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Discussion Starter · #1 ·
Hi,


movies like Terminator 2, Star Wars 4-6, 2001 and so on have an aspect ratio of 2.20:1.

So i would like to ask you, how you watch them?

I have a HD+ with custom zoom factor, so that i can stretch the image vertically for full panel height without cropping them. But then, things like faces would appear wider than they ought to be. By the way, my A-lens is fixed.


I need your advice, please
 

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The premise of your question is wrong I beleive. Of the films you've mentioned, only 2001 (shot in 65mm) had a native AR of 2.20. The rest were standard 'Scope with AR's of 2.39 or so.


But to answer your question, I usually crop 2.20 content to 2.37 which is how the vast majority of viewers saw those films in theaters ... in standard 35mm Scope.
 

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Discussion Starter · #3 ·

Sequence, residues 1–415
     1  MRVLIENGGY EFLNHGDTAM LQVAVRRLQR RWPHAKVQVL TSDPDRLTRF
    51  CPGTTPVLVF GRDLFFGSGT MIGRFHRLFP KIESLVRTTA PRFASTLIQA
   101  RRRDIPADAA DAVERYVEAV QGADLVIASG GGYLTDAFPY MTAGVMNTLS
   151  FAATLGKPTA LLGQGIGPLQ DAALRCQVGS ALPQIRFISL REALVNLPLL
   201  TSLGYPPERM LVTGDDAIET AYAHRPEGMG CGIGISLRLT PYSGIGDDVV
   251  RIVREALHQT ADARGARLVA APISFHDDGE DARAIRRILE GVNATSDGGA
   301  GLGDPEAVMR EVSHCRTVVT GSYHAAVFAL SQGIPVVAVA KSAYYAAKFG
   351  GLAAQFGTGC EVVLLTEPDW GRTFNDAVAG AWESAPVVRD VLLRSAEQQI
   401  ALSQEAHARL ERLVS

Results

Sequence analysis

I checked the ARs at www.imdb.com

When you take a look at this site, you'll see that at least Star Wars has a AR of 2.20:1. Maybe this information is simply wrong? (i would appreciate this
)


So you also have a fixed A-lens in front of your projector?
 

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I only have three films in my collection that were filmed 2:20 Tron, 2001 and one other (having a senior moment). I also have one film that was shot 2:00 (SuperScope) and that is the 1956 Invasion of The Body Snatchers. All of these are a problem w/ my 2:40 screen due to over cropping when I engage stretch mode. 2001 is watchable cropped - but the others I simply watch in 16X9 mode w/ black bars on all 4 sides. (I don't have a VP.)
 

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Quote:
Originally Posted by Widlarizer /forum/post/16965217


I checked the ARs at www.imdb.com

When you take a look at this site, you'll see that at least Star Wars has a AR of 2.20:1. Maybe this information is simply wrong? (i would appreciate this
)


So you also have a fixed A-lens in front of your projector?

The IMDB info is wrong. And, as most of us know, that's not terribly unusual.


Yes, I have a Prismasonic 1500FE lens fixed in front of my projector (see pix using the link in my sig). But of course, that lens has adjustable prisms ... so I can set it to "pass through"mode.
 

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Quote:
Originally Posted by Widlarizer /forum/post/16964934


Hi,